China Has 8 Million Blind People, but Only 200 Guide Dogs – Accessibility News International

By Nectar Gan
CNN, November 23, 2020

Blind runner makes history with help from furry friends

At the age of 11, Yang Kang lost his vision due to a rare type of eye cancer. But he considers himself one of the lucky few among China’s millions of blind people — he has a guide dog.

Yang splits his time between living in Beijing with his wife and running a piano studio in his hometown Tangshan, a sprawling industrial city some 100 miles away.

His weekly journey consists of a high-speed train ride, two bus rides and three subway transfers through often-crowded stations. It would have been impossible for most blind Chinese, but Yang is blessed with a furry companion that guides him every step of the way — Dick, a four-year-old Labrador.

Guide dogs like Dick are so rare in China that Yang waited five years to get one. According to state broadcaster CCTV, China only had some 200 dogs in service as of April — which makes them even rarer than the giant pandas.

The service dogs’ scarcity is all the more striking considering the large number of people who could potentially benefit from their help. The China Association of the Blind estimates the country’s visually impaired population to be over 17 million. According to the World Health Organization, eight million Chinese are completely blind — roughly equal to the whole population of Switzerland.

That’s one guide dog for every 85,000 Chinese people who have partially or fully lost their eyesight.

In comparison, about one in 50 blind and visually impaired people in the United States work with guide dogs. In Britain, over 1,000 guide dogs are trained each year for a total of 36,000 people who are registered as blind or partially sighted.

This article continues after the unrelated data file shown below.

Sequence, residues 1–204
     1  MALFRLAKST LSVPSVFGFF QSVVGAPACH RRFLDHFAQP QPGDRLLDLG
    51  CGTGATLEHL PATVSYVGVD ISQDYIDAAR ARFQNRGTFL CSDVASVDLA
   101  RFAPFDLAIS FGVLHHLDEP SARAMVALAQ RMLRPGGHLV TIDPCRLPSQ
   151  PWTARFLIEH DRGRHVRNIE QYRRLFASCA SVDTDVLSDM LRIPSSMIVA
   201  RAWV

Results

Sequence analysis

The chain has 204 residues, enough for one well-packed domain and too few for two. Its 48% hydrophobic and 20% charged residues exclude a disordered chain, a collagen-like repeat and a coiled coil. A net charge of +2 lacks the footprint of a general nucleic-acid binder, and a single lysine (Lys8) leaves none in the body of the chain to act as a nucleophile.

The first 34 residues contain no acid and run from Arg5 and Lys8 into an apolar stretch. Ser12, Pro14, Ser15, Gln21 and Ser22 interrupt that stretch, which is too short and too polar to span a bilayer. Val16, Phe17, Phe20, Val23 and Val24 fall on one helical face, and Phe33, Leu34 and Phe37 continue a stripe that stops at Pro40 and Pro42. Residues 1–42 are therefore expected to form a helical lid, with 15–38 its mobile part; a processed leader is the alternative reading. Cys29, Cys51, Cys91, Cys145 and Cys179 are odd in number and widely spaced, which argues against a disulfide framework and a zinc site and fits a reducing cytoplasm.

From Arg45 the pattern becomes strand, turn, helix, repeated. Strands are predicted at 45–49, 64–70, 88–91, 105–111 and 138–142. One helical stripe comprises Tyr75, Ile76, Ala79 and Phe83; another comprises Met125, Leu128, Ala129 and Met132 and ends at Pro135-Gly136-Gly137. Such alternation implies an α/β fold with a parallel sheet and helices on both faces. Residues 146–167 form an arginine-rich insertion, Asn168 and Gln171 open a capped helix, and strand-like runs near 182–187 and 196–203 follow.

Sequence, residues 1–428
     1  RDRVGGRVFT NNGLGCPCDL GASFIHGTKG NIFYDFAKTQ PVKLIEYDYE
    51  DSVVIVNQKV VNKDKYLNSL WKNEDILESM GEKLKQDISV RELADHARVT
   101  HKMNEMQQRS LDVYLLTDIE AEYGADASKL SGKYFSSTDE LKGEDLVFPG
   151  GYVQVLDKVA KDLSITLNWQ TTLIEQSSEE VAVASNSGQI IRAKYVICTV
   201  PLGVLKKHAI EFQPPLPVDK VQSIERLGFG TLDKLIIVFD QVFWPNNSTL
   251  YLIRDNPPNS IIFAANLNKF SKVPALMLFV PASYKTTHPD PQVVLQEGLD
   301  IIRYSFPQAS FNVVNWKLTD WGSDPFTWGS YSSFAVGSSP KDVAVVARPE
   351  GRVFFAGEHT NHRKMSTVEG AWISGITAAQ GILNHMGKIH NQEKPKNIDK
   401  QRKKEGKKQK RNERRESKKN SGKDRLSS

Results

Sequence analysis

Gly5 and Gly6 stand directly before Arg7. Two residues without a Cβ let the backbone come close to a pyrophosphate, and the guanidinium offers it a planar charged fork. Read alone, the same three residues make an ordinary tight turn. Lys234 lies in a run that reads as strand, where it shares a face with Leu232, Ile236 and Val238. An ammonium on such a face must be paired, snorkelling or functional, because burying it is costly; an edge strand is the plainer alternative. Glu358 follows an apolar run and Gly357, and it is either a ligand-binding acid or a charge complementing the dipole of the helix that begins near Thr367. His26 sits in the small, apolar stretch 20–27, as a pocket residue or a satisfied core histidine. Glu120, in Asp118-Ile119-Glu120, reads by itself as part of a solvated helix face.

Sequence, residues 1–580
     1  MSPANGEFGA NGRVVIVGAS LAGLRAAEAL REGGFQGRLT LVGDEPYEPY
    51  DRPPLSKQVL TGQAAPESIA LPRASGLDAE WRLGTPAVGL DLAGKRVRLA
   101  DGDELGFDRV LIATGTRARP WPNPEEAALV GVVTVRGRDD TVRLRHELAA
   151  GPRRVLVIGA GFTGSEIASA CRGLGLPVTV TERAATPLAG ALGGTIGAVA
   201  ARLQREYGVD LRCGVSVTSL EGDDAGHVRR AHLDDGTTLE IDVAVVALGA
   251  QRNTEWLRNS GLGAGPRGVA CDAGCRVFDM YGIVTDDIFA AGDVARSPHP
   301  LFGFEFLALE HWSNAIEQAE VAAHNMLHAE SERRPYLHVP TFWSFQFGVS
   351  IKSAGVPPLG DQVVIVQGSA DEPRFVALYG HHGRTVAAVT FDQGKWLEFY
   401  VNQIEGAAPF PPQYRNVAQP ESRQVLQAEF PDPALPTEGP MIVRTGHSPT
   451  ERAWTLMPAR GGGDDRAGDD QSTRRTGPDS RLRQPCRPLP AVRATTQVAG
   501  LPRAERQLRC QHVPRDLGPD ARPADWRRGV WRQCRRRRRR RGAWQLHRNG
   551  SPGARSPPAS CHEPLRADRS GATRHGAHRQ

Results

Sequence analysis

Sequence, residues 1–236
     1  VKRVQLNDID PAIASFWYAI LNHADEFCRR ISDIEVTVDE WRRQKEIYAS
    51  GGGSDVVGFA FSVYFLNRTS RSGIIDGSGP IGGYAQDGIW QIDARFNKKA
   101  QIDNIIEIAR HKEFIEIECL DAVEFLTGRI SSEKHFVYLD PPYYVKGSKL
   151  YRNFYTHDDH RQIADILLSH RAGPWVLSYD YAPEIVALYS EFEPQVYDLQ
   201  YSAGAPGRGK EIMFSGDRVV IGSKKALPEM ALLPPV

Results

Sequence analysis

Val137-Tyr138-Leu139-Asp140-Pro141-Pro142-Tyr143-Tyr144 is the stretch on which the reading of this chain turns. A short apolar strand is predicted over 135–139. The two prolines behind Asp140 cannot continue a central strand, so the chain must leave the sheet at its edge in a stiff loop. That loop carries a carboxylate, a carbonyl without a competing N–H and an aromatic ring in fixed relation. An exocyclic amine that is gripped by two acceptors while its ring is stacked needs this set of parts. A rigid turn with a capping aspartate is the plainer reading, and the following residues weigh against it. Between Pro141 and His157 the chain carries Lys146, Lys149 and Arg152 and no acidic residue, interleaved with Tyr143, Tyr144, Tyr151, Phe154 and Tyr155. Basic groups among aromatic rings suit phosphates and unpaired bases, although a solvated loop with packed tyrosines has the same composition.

Dangerous streets

Navigating Chinese cities can be a daunting task for the blind to manage on their own.

A 2016 survey by the China Information Accessibility Product Alliance found that 30% of the country’s visually impaired seldom leave their homes; only one in four regularly go outside by themselves, with the remainder mostly shepherded by family and friends.

Before Dick came along, Yang had to rely on his white cane to get around — but he said it was difficult and dangerous to cross the multi-lane highways and navigate the numerous pedestrian overpasses and tunnels that make up the Chinese capital by himself. “I was in constant fear,” he said. “The most terrifying thing is that I have no idea what the road ahead is like.”

After three years of researching and making calls, Yang finally found out where to apply for one — a guide dog training center in the northeastern city of Dalian.

Founded in 2016, the China Dalian Guide Dog Training Center is China’s first such facility.